When the early morning mist curled around the buildings and streetlights of Cape Town, creating a slightly eerie atmosphere, it gave no indication that it would become such a hot Monday. By mid-morning, the heat of the sun had burned off the mist, and a brilliantly blue sky was bringing out the ochre-yellow hues in the walls of the Castle of Good Hope. By midday, everyone was looking for shady spots to shelter from the harsh sun, and glancing hopefully towards the western skyline, where just the hint of a cold front was starting to appear. It was a relief, when the sun sank down behind the western battlements of the Castle, and a cool evening breeze gently stirred the leaves of the trees in the front arena.
It was a full and busy day of rehearsals, with a time slot allocated for each of the participating groups. Throughout the day, the ushers from the SA Navy were busy affixing numbers and labels to all the seats, under the watchful eye of Staff Sergeant Pat Greyling of the Cape Town Highlanders. The wranglers put in place the thick orange rope all around the arena, demarcating the barrier between the spectators and the performers.
The peacekeeping forces went through their routine in the arena. Lt Col Johan Conradie of the Defence Reserve Office, and the Vice-Chairman of the Tattoo Executive Committee, with the unenviable task of making it all happen, got the ball rolling by giving the troops a briefing beforehand. Capt John Manning of the Dukes, who has been the announcer of the Tattoo for many years, made copious notes to ensure that his storyline tallied with the actions on the ground.
The wranglers from Regiment Oranje Rivier with their black berets were tasked with carrying the props onto the arena, in the form of (at this stage imaginary) bushes, behind the troops of the Cape Town Highlanders with their balmoral caps could lie in ambush. When a couple of abalone or perlemoen poachers, and a group of illegal immigrants came sauntering down the pathway between the bushes, they were in for a surprise! In case there were any injuries during the encounter, one of the medics (maroon beret) was on hand. It was great to see the soldiers getting into character, and doing their best to act the part!
Just as we were all starting to wilt in the midday heat, there was a break for lunch – thankfully indoors! Captain (SAN) (Ret) Trunell Morom, the Chairperson of the ExCom, welcomed the directors of music, drum majors, pipe majors and group leaders to the Tattoo, and in an inspirational speech, urged everyone to do their best, and to ensure that it was the biggest and best Tattoo yet! Lt Col Ralph Wilkinson of the Defence Reserve office briefed everyone on the logistics and practical issues.
After lunch, members of each of the four military bands were chosen to play the fanfare. As the SA Navy Band hadn’t arrived yet from their simultaneous event in Simon’s Town, a couple of guys from the SA Medical Health Services Band stood in for them. WO2 André van Schalkwyk, the drum major of the SA Army Band Cape Town, and the band’s director of music Captain Vernon Michels were trying to work out the best way for the group to emerge from behind the double doors and onto the Kat balcony. Staff Sergeant Jerome Mecloen made sure that the alignment of the groups and individuals was correct and symmetrical. It looked rather complicated!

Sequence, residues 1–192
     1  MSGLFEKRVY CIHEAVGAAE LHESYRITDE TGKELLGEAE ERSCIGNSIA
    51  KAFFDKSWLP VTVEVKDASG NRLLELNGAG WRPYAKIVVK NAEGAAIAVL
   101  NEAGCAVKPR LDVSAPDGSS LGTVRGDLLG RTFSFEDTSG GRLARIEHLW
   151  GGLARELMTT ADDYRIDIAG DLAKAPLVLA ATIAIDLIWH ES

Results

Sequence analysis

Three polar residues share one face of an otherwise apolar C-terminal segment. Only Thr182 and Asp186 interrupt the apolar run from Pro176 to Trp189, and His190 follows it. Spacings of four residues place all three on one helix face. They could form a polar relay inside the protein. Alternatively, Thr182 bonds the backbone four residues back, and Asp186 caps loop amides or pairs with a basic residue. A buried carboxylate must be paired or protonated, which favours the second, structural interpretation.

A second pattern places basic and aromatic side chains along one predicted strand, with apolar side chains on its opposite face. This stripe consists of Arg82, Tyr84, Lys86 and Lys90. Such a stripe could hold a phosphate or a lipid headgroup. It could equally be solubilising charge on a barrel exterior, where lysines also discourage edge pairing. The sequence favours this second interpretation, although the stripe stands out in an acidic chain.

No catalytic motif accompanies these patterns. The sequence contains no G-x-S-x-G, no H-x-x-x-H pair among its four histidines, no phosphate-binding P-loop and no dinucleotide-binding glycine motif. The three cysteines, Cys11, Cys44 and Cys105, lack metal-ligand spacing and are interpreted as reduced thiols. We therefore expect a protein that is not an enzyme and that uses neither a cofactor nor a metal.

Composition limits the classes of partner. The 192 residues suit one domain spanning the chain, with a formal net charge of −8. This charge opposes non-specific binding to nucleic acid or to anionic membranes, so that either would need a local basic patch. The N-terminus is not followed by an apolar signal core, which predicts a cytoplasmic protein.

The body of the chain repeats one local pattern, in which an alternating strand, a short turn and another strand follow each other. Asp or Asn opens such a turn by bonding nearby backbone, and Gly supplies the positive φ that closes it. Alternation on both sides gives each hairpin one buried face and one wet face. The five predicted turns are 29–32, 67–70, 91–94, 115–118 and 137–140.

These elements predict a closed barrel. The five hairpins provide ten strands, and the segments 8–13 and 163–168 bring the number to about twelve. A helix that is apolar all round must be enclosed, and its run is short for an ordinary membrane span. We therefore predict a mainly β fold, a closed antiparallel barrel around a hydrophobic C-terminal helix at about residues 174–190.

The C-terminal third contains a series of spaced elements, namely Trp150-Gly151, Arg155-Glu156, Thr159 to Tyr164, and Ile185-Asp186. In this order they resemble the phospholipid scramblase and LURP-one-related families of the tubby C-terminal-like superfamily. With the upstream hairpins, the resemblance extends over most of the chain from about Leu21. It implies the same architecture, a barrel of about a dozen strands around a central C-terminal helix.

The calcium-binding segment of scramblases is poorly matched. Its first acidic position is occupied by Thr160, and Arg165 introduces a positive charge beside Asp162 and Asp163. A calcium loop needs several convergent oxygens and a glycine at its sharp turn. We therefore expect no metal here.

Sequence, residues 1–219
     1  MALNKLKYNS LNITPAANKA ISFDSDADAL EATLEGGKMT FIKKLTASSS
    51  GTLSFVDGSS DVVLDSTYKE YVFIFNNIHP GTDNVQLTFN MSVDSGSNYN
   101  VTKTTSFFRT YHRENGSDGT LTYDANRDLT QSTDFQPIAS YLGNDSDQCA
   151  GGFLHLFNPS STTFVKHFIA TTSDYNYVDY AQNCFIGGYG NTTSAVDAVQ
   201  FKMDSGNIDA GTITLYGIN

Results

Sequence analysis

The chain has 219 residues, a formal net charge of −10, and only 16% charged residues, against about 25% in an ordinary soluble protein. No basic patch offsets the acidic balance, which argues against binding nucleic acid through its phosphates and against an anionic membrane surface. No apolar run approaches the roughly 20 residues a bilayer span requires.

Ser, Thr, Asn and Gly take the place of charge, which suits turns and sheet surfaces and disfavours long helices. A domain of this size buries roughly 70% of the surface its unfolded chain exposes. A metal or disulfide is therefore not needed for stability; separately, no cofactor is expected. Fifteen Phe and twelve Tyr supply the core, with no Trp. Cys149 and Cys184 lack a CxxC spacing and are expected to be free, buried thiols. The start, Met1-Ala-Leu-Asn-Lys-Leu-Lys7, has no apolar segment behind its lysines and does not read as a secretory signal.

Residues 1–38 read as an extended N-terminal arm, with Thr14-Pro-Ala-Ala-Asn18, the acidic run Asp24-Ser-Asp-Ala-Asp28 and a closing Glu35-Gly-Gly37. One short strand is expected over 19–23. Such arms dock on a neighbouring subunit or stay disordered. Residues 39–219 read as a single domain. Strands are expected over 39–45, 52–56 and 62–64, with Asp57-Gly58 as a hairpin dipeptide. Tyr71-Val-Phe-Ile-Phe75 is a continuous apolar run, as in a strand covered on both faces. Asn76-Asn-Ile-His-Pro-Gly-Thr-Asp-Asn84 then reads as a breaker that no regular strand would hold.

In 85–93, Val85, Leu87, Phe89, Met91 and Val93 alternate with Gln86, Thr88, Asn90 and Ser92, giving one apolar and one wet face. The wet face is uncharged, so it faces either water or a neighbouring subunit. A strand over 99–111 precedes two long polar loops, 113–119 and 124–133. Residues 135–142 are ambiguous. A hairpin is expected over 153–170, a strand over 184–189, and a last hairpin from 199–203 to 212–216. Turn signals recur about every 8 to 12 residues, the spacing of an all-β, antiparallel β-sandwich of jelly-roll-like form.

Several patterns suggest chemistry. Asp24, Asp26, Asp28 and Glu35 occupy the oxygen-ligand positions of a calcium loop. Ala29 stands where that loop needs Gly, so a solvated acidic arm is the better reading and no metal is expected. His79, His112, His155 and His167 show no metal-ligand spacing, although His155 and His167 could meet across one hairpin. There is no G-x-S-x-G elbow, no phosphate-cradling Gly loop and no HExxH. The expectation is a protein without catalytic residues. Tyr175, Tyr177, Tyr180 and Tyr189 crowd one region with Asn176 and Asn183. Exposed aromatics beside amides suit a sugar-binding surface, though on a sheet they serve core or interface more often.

Suddenly, the big wooden gates of the Castle swung open, and the powerful SAMIL 20 gun tractor of Cape Field Artillery drove onto the front arena, towing one of their well-known 25-pounder guns. Under the watchful eyes of MWO Bennie Havenga, the Regimental Sergeant Major, the team unhitched the gun and wrestled it into position to the left of the Kat archway. I am always astounded at how strong these men and women are, to move this heavy gun with such ease!
The four military bands then took turns to go through their individual routines on the front arena.
First up – the SA Army Band Cape Town.
Next, the SA Air Force Band. I learned that it is the only Air Force band in the country, and thus covers all the military airport bases around South Africa; they have an extremely busy schedule, with parades and military functions throughout the year.
Next up, the SA Medical Health Services Band. In addition to having a brass marching band, they also have an excellent pipes and drums band.
Finally, the SA Navy Band in their striking black and white uniform took their turn on the stage.
The Army Band and the SAMHS Band have been regular participants in the tattoo at the Castle, but for the Navy and the Air Force Bands, I think it was only the first or second time.
The greatest challenge seemed to be posed by the fact that none of the walls in the Castle is at right angles to each other; although the seating stands are arranged at more or less right angles to create a rectangular arena, they do not run parallel to the walls either. The matter is complicated further by the fact that the large main gate with the belltower ontop is not centrally aligned either, nor is the ornate and thus eye-catching Kat balcony. When the bands thus march into the arena, it is difficult for them to know where their centre line is, and how to align themselves correctly.
Once all the bands had practiced separately, they came together for the massed bands performance, the 1812 Overture, and the final muster. It was an impressive sight, especially against the backdrop of a beautiful blue sky and iconic Table Mountain in the distance!
All I can tell you is that it is going to be A FABULOUS TATTOO!!